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And the Flag Was Still There: Straight People, Gay People, and Sexuality in the U.S. Military (Haworth Gay and Lesbian Studies)

3.3 out of 5 stars 6 customer reviews
ISBN-13: 978-1560249092
ISBN-10: 1560249099
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In Stock. Sold by BookfeathersLLC
Condition: Used: Very Good
Comment: Publisher: Haworth
Date of Publication: 1995
Binding: hardcover
Condition: VG+
Description: 1560249099 Hardcover in grey smooth paper over boards with red, white and blue illustration and titles, no jacket, 8vo. xvi + 262p. Indices, references, endnotes. VG+. Lightly bumped lower corners of boards with creases to tip of front corner and touch of surface loss with no peeling to rear. Mildly softened spine ends. Else fine: bright, sharp, tight and unmarked, save for small BOMC stamp to lower page edges with no other club or remainder indications. Not ex-lib.
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Product Details

  • Series: Haworth Gay and Lesbian Studies
  • Hardcover: 262 pages
  • Publisher: Routledge (December 16, 1994)
  • Language: English
  • ISBN-10: 1560249099
  • ISBN-13: 978-1560249092
  • Product Dimensions: 8.8 x 6.3 x 0.8 inches
  • Shipping Weight: 1.2 pounds
  • Average Customer Review: 3.3 out of 5 stars  See all reviews (6 customer reviews)
  • Amazon Best Sellers Rank: #7,772,115 in Books (See Top 100 in Books)

Customer Reviews

Top Customer Reviews

Format: Hardcover
I was shocked that Lois Shawver who paints herself as representing the "TRUE POSTMODERN" would have written a book with such obvious underpinnings of a MODERNIST theory of sexuality, Kinsey (1948,1953).

As most readers know, Kinsey as Shawver has done in this book counterpoised heterosexuality and homosexuality on a single bipolar continum, which ranges from exclusive homosexuality to exclusive heterosexuality, creating a kind of "zero sum game," in which the more one is hetereosexual, the less one is homosexual, and vice versa.

At the outset, the lack of clarification of the terms "hetersexual", "bisexual", and "homsexual" are much more complicated than thier casual usage by Shawver. Perhaps this book and the obvious modernist underpinnings shed light on the assault led by Lois Schawver on gay lesbian and bisexual participants in the Marriage Family Therapy online community. This book leads to the forcing out and osterization of homosexuals within thier communities with the alternatives left after shedding the current don't ask don't tell policy in effect.
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Format: Paperback
"And the Flag Was Still There: Straight People, Gay People and Sexuality in the U.S. Military," by Lois Shawver, is an interesting addition to the substantial body of literature on this topic. The book features a foreword by Margarethe Cammermeyer (who tells her own story of being a lesbian in the U.S. Army in the book "Serving in Silence"). An "About the Author" paragraph at the start of the book identifies Shawver as a clinical psychologist who has worked as a psychotherapist for 20 years. This paragraph also notes, "She served as an expert in the Canadian review of their ban on homosexuals in the military and was influential in the lifting of that ban in October 1992."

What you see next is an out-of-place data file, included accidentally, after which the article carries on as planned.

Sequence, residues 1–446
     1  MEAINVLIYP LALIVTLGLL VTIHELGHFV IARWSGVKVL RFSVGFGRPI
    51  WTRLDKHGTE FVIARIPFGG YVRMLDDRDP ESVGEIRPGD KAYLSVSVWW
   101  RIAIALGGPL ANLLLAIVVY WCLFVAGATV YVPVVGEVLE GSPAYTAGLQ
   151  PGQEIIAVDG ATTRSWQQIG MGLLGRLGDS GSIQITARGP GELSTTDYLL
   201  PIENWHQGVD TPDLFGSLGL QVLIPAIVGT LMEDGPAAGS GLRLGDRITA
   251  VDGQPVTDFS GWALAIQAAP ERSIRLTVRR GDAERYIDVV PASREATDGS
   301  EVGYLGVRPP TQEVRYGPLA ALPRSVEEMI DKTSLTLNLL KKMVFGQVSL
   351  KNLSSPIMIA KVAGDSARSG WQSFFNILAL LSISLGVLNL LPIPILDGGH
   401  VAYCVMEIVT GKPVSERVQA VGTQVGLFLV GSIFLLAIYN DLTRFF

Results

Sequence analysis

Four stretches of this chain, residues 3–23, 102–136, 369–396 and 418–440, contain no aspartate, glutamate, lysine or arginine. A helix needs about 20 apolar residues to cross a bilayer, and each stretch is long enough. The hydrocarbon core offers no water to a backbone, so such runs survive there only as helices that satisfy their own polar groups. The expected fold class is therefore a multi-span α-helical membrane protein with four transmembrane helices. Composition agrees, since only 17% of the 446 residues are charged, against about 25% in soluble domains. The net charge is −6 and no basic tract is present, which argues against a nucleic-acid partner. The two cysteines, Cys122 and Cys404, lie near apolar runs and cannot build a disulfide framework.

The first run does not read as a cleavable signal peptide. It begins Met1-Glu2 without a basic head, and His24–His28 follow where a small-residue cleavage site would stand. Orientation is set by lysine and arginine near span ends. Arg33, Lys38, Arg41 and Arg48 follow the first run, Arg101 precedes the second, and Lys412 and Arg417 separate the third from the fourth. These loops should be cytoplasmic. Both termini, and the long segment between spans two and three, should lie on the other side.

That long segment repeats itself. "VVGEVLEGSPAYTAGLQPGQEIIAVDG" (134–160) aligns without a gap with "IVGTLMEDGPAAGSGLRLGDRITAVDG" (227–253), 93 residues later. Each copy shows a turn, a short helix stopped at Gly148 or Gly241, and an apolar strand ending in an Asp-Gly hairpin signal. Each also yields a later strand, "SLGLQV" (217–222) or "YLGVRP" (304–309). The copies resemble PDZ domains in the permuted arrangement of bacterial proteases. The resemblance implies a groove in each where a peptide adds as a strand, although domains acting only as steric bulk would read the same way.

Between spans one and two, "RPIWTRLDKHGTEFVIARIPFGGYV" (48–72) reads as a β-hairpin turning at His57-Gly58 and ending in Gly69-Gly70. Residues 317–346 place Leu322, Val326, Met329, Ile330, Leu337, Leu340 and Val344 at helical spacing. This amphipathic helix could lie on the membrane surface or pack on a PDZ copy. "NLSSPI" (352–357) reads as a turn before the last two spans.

The main text of the book is divided into nine chapters, as follows:

1. "Why the Military Would Ban Homosexuals"

2. "The Question of Heterosexual Modesty"

3. "Nakedness and the Etiquette of Disregard"

4. "Why Some People Dislike Gays"

5. "The Problem with Don't Ask, Don't Tell"

6. "How Many Homosexuals Are There Really?"

7. "How Would Homosexuals Affect Morale?"

8. "Stories of Real People Hurt by the Ban"

9. "How It Would Work in Our Post Cold War Military"

Shawver states her position in her preface: "I have become increasingly confident that it is time for the United States to drop our military ban against homosexuals." Shawver has clearly been diligent in documenting the facts that support her argument. The main text is followed by extensive endnotes (pages 155-214), many of which incorporate substantial quotes. These endnotes are followed by a lengthy bibliography (pages 215-249). The book also includes separate subject and name indexes.
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Format: Hardcover
Clinical psychologist Shawver has probed the nature of our military policies towards gays and lesbians in the military with uncanny precision<LB> The book appeared at the time President Clinton decided to fink out on the issue, hoping to appease everybody<LB>Issue by issue she explores the myths, her unruffled, calm manner contributing strength to her argument that these military policies are absurd and wrongfully prejudicial<LB>Among these erroneous assumptions are that "false modesty" prevails between straight and gay men as it does between women and men; gays corrupt the "national moral tone" and damage national defense; gays like anonymous sex more than straights do, etc. <LB>Shawver envisions a new military were gays and lesbians are full-fledged members<LB>The policy of pretending there are no homosexuals in the military (the don't ask, don't tell policy) is "a festering wound in our culture...hyprocisy"<LB>

I am moved by Shawver's arguments, and that she is a heterosexual reflects the enlightened attitudes for a non-gay, non-discriminating person to have<LB> All who seek to be informed on this painful issue must read AND THE FLAG WAS STILL THERE<LB>
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